Farfetch, the leading global technology platform for luxury fashion, seeks to further connect creators, curators, and consumers in a purpose-built urban fashion village on the slopes of Leça River in Porto. The 178,000 m2 art-filled HQ designed by Bjarke Ingels Group features 12 interconnected buildings that each represent the various elements of the company’s organization, with the design of each space tailored accordingly.
Scheduled to break ground by early 2023, and open its doors in 2025, the new HQ is situated within the larger FUSE VALLEY site; also designed by BIG, the site of 24 buildings will be home to various tech companies, startups and services. BIG’s design seeks to amplify the exchange of ideas between the different aspects of the organization and create new opportunities for the circa 3,000 Farfetch employees based in Portugal, visitors, and locals.
Conceived as a community village, FUSE VALLEY is organized around plazas, parks, and courtyards which are landscaped and programmed to extend the life inside the buildings to the outside. Like an urban fabric, the individual buildings rest on a series of urban terraces connecting the main road to the east, with the Leça River to the west.
Along the central arrival axis, an urban alley opens all the way from the street to the river, featuring all the major public programs and amenities along the riverfront of Farfetch: lobbies, an academy, an auditorium, canteen, and wellness facilities.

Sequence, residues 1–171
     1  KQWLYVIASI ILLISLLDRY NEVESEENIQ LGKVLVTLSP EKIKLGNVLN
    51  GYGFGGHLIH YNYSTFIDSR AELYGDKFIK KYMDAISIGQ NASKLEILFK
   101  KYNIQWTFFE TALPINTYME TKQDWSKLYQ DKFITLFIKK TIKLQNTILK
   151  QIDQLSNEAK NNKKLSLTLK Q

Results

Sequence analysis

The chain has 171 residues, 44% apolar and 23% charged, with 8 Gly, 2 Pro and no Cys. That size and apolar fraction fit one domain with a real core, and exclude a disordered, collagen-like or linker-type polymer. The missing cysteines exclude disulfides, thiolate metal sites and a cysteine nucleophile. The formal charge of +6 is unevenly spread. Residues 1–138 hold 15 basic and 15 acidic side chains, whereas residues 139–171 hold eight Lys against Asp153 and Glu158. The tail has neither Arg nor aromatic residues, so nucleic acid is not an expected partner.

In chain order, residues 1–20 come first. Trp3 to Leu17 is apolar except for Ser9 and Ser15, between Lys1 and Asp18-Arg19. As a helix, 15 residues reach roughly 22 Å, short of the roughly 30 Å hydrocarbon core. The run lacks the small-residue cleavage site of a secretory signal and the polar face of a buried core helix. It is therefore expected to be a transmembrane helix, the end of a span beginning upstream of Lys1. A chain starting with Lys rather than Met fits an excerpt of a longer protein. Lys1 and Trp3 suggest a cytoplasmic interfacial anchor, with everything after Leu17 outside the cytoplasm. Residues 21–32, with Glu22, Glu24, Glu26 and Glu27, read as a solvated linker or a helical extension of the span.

“Rather than a corporate office complex, Farfetch’s future home in FUSE VALLEY will be a lively urban ensemble bringing every curator, creator, customer and collaborator together in the most innovative new neighborhood of the city. The urban fabric will allow FUSE VALLEY to grow and expand organically, like a natural village,“ says Bjarke Ingels, Founder & Creative Director, BIG.
As a manmade extension of the hillside, the roofs of the new buildings rise and fall to create peaks and valleys, with slopes and terraces providing employees with generous spaces to enjoy breaks and host gatherings – surrounded by views of the river. Natural paths extend from the landscape to the roofscape, creating flexible wayfinding for people to move around the complex – both inside and out, and above, below, and within the building.
On the ground floor, the facades recede to expand the public realm, creating natural canopies to welcome visitors, collaborators, and customers. The chamfered corners of the buildings merge to create archways and openings between the courtyards that act like canvases for different artistic expressions, bringing color and texture to the streetscape.
Each building is tailored to its specific program, with gently altered floorplans creating an equally lively and varied interior architectural experience.
“The individual buildings that constitute the various elements of the organization are connected to form large contiguous work environments – physically consolidated, but spatially varied to create a human-scale experience,“ says Joao Albuquerque, Partner in Charge, BIG.
Atelier-like attics with additional ceiling heights and open mezzanines are created by the sloping roofs of the buildings. Open connections extend from the attic mezzanines all the way to the ground, creating visual and physical connectivity across all floors.
The interior experience prioritizes an immersion in nature, providing a biophilic environment that aims to increase productivity and wellbeing. Similarly, the dense urban fabric and ample vegetation provides a naturally shaded, cooled environment.
The new FUSE VALLEY combines maximum connectivity with a varied visual and physical experience, stimulating human exchange and innovation.
Renderings courtesy of Bjarke Ingels Group.
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